- 2009: Fall2009: Fall
- Amherst Creates
- College Row
- Feature: "Our Fellows Deserve to Be Heard"
- Feature: The Off-Brand Conservative
- Feature: The Soul of the College
- Feature: War Correspondents
- Lives of Consequence
- My Life: Rebecca Sinos
- Sports: The Season of "Ifs"
- Sports: Writing for 23 Million
- Visit the Museum of Natural History
- What They Are Reading
The New Water Cooler
By Emily Gold Boutilier
Elizabeth Minkel ’07 is a New York-based editor who moonlights as a clerk at thoroughbred racetracks. Theodore Putala ’87, a neighborhood barman, wrote a modern retelling of Hamlet.
Both write blogs that are part of the Amherst Alumni Blogroll, one of the new features on the Amherst Alumni Web site (www.amherst.edu/alumni) designed to better connect the alumni community. The Blogroll links to nearly 80 alumni blogs.
Also on the site are the new Alumni Artists’ Network—a gallery of photos, drawings, paintings, ceramics and more by about 40 visual artists—and Amherst Reads, an online book club started last year that features excerpts, audio interviews, reviews, discussion forums and lists of alumni-authored books.
But perhaps most important is the improved alumni directory, a tool for networking and reconnecting. The directory allows anyone with an Amherst user name and password to find, for example, the contact information of everyone in Northern California who majored in law, jurisprudence and social thought (31 alumni fit that description) or every alumnus engineer in Iowa (there’s one). A search for English majors who now work in medicine turns up 115 names. Job searchers can also use the directory to find, for example, the 15 alumni who work for Google, the 19 willing to give career advice in journalism and the six offering a Washington, D.C., summer internship.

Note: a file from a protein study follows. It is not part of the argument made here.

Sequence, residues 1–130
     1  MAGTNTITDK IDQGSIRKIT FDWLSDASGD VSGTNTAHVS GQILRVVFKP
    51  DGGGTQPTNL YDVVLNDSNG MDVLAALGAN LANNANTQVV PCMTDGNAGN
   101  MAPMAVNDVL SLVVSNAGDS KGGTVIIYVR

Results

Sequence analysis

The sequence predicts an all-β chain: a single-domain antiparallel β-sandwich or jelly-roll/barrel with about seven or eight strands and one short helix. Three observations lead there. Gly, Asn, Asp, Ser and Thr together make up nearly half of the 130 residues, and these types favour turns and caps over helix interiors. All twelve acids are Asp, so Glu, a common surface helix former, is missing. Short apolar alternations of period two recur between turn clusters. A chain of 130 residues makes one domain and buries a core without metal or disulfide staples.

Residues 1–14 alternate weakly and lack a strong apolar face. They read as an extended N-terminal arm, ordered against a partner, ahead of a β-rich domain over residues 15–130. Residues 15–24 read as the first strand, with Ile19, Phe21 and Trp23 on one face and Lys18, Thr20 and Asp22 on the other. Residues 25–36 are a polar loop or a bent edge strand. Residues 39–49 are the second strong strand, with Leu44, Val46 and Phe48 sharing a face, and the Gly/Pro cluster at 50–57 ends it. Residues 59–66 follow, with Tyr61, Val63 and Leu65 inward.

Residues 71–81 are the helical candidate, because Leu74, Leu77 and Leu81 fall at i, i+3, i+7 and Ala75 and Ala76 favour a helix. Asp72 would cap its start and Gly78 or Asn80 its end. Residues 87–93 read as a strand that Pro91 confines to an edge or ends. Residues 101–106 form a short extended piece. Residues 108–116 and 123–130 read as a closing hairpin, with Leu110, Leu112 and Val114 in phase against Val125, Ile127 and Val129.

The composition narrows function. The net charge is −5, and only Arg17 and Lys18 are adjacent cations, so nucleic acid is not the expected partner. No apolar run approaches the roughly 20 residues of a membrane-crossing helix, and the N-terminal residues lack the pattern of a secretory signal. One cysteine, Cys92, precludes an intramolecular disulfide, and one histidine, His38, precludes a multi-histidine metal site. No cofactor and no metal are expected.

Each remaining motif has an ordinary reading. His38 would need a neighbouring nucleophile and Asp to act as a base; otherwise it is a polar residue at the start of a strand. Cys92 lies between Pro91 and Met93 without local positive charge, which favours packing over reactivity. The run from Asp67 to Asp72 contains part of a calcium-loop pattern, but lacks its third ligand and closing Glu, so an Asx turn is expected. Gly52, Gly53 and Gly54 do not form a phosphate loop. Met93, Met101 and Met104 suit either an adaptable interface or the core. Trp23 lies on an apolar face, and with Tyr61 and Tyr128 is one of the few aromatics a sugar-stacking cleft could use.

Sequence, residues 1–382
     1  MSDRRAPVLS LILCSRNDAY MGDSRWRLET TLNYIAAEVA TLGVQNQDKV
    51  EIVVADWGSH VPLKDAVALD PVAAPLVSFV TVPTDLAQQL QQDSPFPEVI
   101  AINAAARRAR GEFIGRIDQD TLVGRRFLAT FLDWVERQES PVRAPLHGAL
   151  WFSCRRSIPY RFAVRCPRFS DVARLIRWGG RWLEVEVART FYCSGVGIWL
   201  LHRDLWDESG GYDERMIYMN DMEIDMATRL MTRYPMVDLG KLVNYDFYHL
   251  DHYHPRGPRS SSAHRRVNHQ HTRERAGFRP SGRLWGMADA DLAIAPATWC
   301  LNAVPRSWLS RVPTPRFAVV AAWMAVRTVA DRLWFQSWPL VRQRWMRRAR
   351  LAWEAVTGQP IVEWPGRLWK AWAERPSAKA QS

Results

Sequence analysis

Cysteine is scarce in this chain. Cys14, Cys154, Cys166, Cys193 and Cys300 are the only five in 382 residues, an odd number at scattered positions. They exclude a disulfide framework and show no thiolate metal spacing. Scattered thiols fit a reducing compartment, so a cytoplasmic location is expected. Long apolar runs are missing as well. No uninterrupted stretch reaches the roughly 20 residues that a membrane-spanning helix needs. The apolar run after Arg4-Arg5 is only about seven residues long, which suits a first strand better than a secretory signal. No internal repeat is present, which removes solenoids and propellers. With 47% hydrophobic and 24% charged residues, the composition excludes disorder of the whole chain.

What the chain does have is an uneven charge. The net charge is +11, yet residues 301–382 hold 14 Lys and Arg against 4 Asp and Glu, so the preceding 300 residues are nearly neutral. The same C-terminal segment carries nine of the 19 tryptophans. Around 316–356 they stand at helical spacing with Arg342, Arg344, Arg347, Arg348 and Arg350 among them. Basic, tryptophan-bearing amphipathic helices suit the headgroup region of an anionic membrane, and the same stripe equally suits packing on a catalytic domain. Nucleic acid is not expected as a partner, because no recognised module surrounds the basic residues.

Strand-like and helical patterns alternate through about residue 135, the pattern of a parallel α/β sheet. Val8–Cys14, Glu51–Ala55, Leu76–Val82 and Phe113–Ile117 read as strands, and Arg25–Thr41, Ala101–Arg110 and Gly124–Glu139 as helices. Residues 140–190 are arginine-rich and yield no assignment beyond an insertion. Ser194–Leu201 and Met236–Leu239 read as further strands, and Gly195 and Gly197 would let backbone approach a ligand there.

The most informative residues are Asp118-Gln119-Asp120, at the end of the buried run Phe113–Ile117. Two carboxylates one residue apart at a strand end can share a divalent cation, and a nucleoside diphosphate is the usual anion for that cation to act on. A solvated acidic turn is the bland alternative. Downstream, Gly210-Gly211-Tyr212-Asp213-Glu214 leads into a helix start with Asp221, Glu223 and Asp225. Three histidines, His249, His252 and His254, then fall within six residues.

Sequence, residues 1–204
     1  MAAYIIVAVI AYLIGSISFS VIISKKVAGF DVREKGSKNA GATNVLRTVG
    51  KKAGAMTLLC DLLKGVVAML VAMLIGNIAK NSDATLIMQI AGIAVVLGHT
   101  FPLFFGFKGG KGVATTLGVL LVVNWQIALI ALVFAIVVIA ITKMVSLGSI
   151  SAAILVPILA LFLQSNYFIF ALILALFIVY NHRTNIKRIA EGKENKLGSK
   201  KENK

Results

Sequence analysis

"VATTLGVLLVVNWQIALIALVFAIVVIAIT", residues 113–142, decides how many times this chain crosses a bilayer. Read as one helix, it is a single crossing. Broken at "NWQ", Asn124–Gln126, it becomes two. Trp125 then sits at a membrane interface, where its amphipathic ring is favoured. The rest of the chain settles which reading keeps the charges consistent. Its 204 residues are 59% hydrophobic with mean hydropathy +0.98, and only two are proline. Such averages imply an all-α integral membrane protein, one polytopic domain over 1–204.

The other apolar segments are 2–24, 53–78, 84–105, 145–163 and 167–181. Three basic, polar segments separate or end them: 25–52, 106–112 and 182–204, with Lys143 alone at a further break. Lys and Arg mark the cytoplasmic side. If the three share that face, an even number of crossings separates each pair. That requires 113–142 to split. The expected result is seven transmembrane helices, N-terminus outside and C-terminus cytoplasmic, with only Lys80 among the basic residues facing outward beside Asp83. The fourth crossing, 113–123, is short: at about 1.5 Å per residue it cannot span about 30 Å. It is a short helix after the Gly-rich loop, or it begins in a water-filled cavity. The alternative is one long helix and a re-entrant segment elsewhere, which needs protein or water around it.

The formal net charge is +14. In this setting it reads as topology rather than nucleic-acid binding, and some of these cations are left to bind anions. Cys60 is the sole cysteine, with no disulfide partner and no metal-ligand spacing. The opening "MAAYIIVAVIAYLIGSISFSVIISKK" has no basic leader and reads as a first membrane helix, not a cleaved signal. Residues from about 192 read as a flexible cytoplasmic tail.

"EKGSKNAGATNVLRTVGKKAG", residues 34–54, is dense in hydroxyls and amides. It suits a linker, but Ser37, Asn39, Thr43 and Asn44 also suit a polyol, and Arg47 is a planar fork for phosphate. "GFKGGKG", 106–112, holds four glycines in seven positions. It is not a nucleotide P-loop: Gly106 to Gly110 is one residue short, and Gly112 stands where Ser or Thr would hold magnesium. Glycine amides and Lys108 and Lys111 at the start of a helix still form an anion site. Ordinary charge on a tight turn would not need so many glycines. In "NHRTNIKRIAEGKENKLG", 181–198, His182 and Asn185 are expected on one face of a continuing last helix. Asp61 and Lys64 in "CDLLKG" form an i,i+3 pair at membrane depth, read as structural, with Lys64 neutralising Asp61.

The curious can find and contact 104 people who lived in James Dormitory in 1996-97, 11 Houston-area residents who played football at Amherst, four ’93s who were in Mr. Gad’s House of Improv and five alumni who came to Amherst from South Lakes High School in Virginia. In other words, the new directory is doing its part to keep Internet-addiction experts in business.